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Increasing prevalence of Allergies and Poly-sensitivity in Athletes, why?

4 min read

Asked by: Marc Woodward

Why has the prevalence of allergies in the population increased?

A leading theory behind the rising allergy and asthma diagnosis rates is the “hygiene hypothesis.” This theory suggests that living conditions in much of the world might be too clean and that kids aren’t being exposed to germs that train their immune systems to tell the difference between harmless and harmful irritants

How do allergies affect athletic performance?

Allergic rhinitis and athletic performance
Rhinitis often causes changes in sleep patterns because of nasal obstruction, rhinorrhea, and sinus pressure that add to tiredness and fatigue and impair athletic performance [18].

What are two reasons for increase in allergies?

There are two possible explanations-reduced immune system reliance and warmer temperatures. While these are not conclusive, they may explain the future of allergies. If the immune system continues to not need to attack germs, allergies may increase.

Do athletes get allergies?

Allergies and asthma are frequent in elite athletes. Previous studies have shown that the prevalence of allergic rhinitis in elite athletes is between 15% and 29% [1–5] and that wheezing is reported by 6% to 15% of athletes [2, 3, 6].

Are the number of people with allergies increasing?

Nevertheless, looking at data from multiple peer-reviewed sources, Nadeau says that the rate of food allergies worldwide has increased from around 3% of the population in 1960 to around 7% in 2018. And it isn’t just the rate that has increased. The range of foods to which people are allergic has also widened.

Why are allergies increasing in developed countries?

Children today are exposed to less dirt, less germs, and more hand sanitizer. In developed countries where children are exposed to less infections and less bacteria, there are higher rates of allergies and autoimmune diseases. With decreased infections, there are decreased microbial exposures.

How do seasonal allergies affect running?

This is because you’re breathing more heavily, and when you breathe in heavily, the air is cooled (even in warm weather), which causes your sinuses and lungs to constrict. Seasonal allergies can increase your risk of exercise-induced asthma, even if you don’t typically have breathing issues while running.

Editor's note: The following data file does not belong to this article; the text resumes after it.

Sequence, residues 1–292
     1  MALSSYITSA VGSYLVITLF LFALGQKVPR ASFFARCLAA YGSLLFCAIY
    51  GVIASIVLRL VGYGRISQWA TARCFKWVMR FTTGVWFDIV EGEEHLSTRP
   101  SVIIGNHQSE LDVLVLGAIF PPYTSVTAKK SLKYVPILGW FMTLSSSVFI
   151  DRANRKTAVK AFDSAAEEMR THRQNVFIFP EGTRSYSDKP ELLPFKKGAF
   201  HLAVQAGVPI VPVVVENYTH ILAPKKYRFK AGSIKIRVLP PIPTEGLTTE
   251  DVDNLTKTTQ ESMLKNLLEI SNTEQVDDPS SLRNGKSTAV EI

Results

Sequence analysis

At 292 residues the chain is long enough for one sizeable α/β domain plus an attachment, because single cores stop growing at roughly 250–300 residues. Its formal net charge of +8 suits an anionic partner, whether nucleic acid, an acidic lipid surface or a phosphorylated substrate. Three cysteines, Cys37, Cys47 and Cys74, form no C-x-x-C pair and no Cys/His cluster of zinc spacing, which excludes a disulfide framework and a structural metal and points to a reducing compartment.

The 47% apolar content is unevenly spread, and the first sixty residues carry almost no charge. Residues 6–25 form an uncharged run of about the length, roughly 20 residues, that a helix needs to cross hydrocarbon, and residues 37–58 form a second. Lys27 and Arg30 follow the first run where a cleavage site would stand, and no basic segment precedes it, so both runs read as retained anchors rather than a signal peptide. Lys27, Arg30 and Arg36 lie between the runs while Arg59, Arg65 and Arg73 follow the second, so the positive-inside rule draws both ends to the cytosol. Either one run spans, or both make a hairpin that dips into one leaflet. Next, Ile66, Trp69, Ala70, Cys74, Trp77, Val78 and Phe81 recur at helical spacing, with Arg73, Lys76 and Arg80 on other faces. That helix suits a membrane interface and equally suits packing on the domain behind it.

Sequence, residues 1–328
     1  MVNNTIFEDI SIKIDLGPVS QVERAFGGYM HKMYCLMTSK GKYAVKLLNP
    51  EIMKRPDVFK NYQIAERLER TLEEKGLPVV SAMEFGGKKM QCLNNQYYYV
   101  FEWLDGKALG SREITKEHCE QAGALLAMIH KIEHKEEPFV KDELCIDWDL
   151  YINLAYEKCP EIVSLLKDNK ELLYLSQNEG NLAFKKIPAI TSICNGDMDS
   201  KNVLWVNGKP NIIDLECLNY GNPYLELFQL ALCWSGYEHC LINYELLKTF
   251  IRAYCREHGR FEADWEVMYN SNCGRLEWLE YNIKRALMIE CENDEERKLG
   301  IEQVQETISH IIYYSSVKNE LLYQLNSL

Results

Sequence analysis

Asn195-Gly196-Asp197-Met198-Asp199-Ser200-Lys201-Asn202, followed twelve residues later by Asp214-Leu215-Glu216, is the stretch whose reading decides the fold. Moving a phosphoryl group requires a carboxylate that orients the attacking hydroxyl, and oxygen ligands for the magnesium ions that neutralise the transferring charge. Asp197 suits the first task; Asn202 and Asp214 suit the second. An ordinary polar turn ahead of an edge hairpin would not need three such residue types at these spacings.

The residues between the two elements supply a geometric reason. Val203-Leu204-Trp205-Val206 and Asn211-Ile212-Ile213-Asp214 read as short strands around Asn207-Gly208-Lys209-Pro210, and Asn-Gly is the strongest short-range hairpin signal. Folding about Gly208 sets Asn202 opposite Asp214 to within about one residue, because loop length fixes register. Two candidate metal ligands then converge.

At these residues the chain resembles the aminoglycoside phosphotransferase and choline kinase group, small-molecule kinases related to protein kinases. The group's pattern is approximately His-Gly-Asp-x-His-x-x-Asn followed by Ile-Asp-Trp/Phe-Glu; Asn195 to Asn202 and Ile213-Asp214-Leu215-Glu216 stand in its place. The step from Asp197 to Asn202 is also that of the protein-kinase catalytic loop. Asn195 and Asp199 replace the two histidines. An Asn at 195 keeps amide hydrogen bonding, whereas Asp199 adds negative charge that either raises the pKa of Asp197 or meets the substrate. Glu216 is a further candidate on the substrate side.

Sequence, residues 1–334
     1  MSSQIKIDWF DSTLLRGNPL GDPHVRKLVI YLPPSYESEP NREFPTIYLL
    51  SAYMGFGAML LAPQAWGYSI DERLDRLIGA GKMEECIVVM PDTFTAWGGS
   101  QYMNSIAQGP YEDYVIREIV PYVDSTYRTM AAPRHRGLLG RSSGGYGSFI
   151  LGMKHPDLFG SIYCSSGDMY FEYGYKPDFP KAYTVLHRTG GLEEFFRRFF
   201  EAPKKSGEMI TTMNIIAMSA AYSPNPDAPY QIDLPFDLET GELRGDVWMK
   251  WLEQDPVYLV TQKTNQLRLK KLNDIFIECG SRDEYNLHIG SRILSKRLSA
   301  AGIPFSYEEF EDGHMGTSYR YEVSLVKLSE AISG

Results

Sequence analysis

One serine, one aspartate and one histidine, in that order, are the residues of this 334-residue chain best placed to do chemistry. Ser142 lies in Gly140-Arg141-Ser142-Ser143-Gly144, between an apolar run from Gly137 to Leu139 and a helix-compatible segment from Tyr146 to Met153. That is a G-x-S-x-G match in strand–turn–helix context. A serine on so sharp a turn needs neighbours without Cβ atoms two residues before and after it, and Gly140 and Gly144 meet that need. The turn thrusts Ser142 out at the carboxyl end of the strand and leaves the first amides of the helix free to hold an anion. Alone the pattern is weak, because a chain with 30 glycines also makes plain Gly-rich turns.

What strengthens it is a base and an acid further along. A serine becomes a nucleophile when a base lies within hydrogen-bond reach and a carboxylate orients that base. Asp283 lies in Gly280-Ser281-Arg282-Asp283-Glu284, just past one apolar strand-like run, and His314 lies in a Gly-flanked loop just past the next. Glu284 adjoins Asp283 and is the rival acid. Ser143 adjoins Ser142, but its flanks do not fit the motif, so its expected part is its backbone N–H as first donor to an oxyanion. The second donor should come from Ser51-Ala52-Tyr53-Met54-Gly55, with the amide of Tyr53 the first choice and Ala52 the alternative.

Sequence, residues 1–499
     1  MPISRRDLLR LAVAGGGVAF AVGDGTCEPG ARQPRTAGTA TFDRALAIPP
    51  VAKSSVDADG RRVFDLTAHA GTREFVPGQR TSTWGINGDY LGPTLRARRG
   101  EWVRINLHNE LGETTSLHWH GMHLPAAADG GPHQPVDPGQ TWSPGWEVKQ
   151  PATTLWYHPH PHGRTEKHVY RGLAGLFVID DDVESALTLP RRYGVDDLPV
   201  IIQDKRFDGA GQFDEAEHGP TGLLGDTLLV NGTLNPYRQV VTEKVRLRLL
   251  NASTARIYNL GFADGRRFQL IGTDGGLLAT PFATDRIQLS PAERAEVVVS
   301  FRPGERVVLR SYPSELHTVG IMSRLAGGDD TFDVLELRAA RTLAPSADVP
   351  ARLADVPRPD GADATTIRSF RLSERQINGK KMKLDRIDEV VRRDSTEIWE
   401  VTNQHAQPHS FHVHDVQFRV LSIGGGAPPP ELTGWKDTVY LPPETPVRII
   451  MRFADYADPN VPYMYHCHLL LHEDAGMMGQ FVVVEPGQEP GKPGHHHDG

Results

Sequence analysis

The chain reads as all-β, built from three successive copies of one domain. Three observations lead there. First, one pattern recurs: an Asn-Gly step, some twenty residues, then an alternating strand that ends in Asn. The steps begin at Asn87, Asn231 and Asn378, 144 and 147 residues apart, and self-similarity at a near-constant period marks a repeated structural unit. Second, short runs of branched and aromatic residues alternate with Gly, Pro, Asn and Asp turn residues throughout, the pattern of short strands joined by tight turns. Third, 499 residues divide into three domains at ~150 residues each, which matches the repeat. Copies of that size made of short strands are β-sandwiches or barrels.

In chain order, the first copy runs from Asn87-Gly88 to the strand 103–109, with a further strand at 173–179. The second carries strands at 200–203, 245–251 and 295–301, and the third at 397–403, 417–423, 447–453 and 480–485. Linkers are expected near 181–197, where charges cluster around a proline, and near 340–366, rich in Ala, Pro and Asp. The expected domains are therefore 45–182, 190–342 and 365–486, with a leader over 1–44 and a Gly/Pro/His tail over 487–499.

Do allergies impact running?

Allergies can affect running performance.
First, due to an increase in respiration during exercise, a runner takes in more allergens, such as pollens and mold spores.

Can running aggravate allergies?

Running increases your breathing rate, which makes you more likely to inhale more allergens,” explains Vijay Jotwani, M.D., a primary care sports medicine physician at Houston Methodist.

Does hay fever affect athletic performance?

Even when resting and recovering, hayfever symptoms can result in poor sleep, anxiety and increased fatigue, which in turn may adversely affect athletic performance. To perform at your peak in sport, you also want to be at your peak in both physical and mental health.

What athletes have asthma?

Accomplished Athletes Who Have Asthma

  • David Beckham. The world-renowned soccer star and heartthrob wasn’t initially public about his case of asthma. …
  • Jackie Joyner-Kersee. …
  • Greg Louganis. …
  • Paula Radcliffe. …
  • Jerome Bettis. …
  • Peter Vanderkaay. …
  • Amy Van Dyken. …
  • Tom Dolan.

What are the reasons for allergy?


  • Airborne allergens, such as pollen, animal dander, dust mites and mold.
  • Certain foods, particularly peanuts, tree nuts, wheat, soy, fish, shellfish, eggs and milk.
  • Insect stings, such as from a bee or wasp.
  • Medications, particularly penicillin or penicillin-based antibiotics.

What percent of the population has allergies?

Worldwide, allergic rhinitis affects between 10% and 30 % of the population. Worldwide, sensitization (IgE antibodies) to foreign proteins in the environment is present in up to 40% of the population.

What person has the most allergies in the world?

Johanna Watkins, 30, is allergic to almost everything and everyone, including her husband Scott, 29. She’s been diagnosed with mast cell activation syndrome, a rare and progressive immunological condition that has forced her to live in isolation in their home, in Minneapolis.

Why is hay fever on the rise?

There’s evidence that the pollutants also stimulate pollen production and increase the release of antigens in pollen grains that lead to allergic responses. It’s also thought that common air pollutants, such as ozone, sulfur dioxide, and nitrogen dioxide have the potential to exacerbate allergy symptoms.

Why is hay fever worse this year?

This is because we build up a certain level of immunity to pollen when we spend time outside, so without that exposure, you may be less immune than you usually would be to pollen. “What’s more, hotter temperatures like we’re currently experiencing can worsen allergy symptoms as light produces more pollen.